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Just because a business does not make any money, does not mean that the stock will go down. By way of example, F3 Uranium (CVE:FUU) has seen its share price rise 169% over the last year, delighting many shareholders. But while the successes are well known, investors should not ignore the very many unprofitable companies that simply burn through all their cash and collapse.

Given its strong share price performance, we think it’s worthwhile for F3 Uranium shareholders to consider whether its cash burn is concerning. In this article, we define cash burn as its annual (negative) free cash flow, which is the amount of money a company spends each year to fund its growth. The first step is to compare its cash burn with its cash reserves, to give us its ‘cash runway’.

View our latest analysis for F3 Uranium

Does F3 Uranium Have A Long Cash Runway?

A cash runway is defined as the length of time it would take a company to run out of money if it kept spending at its current rate of cash burn. In December 2022, F3 Uranium had CA$14m in cash, and was debt-free. Looking at the last year, the company burnt through CA$15m. That means it had a cash runway of around 11 months as of December 2022. That’s quite a short cash runway, indicating the company must either reduce its annual cash burn or replenish its cash. Depicted below, you can see how its cash holdings have changed over time.

debt-equity-history-analysis

debt-equity-history-analysis

How Is F3 Uranium’s Cash Burn Changing Over Time?

Because F3 Uranium isn’t currently generating revenue, we consider it an early-stage business. Nonetheless, we can still examine its cash burn trajectory as part of our assessment of its cash burn situation. Remarkably, it actually increased its cash burn by 379% in the last year. Given that sharp increase in spending, the company’s cash runway will shrink rapidly as it depletes its cash reserves. F3 Uranium makes us a little nervous due to its lack of substantial operating revenue. We prefer most of the stocks on this list of stocks that analysts expect to grow.

Can F3 Uranium Raise More Cash Easily?

Since its cash burn is moving in the wrong direction, F3 Uranium shareholders may wish to think ahead to when the company may need to raise more cash. Generally speaking, a listed business can raise new cash through issuing shares or taking on debt. Commonly, a business will sell new shares in itself to raise cash and drive growth. By comparing a company’s annual cash burn to its total market capitalisation, we can estimate roughly how many shares it would have to issue in order to run the company for another year (at the same burn rate).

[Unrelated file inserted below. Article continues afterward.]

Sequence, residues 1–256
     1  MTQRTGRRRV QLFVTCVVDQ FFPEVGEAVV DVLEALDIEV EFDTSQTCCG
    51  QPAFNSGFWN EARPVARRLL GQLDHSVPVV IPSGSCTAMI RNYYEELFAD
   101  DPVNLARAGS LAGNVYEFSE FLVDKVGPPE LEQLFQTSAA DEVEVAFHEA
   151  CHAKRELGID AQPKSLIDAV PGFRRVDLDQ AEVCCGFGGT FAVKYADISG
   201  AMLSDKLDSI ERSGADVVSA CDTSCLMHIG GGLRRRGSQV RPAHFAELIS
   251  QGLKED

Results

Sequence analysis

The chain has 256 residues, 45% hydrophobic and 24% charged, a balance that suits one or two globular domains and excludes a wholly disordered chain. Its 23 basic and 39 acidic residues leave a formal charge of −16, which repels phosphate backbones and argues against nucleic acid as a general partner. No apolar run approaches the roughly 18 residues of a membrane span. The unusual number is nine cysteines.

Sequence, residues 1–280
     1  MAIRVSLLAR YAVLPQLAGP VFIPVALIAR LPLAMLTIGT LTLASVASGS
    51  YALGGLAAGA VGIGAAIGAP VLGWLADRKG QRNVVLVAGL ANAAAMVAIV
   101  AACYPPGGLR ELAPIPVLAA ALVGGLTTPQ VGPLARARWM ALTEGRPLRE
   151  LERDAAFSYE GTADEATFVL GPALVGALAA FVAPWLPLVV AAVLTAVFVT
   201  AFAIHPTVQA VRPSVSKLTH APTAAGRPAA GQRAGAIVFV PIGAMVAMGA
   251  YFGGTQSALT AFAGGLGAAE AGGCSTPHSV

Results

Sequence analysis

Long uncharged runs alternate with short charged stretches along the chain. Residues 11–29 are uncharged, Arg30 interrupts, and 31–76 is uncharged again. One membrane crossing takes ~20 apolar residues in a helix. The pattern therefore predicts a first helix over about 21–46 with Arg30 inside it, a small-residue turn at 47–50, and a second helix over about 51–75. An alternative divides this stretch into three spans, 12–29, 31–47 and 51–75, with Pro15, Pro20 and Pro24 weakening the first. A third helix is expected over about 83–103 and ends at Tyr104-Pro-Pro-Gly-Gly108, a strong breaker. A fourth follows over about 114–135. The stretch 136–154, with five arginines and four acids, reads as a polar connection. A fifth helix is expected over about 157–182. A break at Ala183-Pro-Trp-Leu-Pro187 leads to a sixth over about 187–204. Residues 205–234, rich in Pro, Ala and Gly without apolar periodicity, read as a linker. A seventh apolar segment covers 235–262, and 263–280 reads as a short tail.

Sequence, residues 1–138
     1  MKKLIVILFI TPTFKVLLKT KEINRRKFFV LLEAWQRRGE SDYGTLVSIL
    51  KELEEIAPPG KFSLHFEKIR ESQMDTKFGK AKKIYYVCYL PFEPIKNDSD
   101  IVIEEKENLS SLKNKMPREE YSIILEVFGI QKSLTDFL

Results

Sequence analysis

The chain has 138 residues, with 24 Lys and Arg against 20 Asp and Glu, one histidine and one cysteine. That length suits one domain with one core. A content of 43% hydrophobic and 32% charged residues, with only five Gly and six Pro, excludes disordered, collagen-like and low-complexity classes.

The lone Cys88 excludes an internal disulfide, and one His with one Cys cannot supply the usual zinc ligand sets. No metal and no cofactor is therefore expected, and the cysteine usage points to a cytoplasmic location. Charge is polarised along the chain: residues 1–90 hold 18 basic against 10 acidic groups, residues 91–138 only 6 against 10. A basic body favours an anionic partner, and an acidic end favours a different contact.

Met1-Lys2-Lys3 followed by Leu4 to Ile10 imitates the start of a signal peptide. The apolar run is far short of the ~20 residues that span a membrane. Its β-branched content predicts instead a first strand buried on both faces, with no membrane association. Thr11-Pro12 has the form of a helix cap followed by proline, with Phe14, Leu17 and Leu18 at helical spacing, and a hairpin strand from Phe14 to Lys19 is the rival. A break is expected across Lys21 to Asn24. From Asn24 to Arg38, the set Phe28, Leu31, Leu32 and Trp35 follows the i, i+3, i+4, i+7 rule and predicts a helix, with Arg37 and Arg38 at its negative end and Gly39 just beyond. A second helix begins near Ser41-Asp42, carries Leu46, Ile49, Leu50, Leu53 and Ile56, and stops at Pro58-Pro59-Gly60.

F3 Uranium’s cash burn of CA$15m is about 13% of its CA$118m market capitalisation. Given that situation, it’s fair to say the company wouldn’t have much trouble raising more cash for growth, but shareholders would be somewhat diluted.

So, Should We Worry About F3 Uranium’s Cash Burn?

On this analysis of F3 Uranium’s cash burn, we think its cash burn relative to its market cap was reassuring, while its increasing cash burn has us a bit worried. Summing up, we think the F3 Uranium’s cash burn is a risk, based on the factors we mentioned in this article. Separately, we looked at different risks affecting the company and spotted 6 warning signs for F3 Uranium (of which 3 are significant!) you should know about.

Of course, you might find a fantastic investment by looking elsewhere. So take a peek at this free list of companies insiders are buying, and this list of stocks growth stocks (according to analyst forecasts)

Have feedback on this article? Concerned about the content? Get in touch with us directly. Alternatively, email editorial-team (at) simplywallst.com.

This article by Simply Wall St is general in nature. We provide commentary based on historical data and analyst forecasts only using an unbiased methodology and our articles are not intended to be financial advice. It does not constitute a recommendation to buy or sell any stock, and does not take account of your objectives, or your financial situation. We aim to bring you long-term focused analysis driven by fundamental data. Note that our analysis may not factor in the latest price-sensitive company announcements or qualitative material. Simply Wall St has no position in any stocks mentioned.

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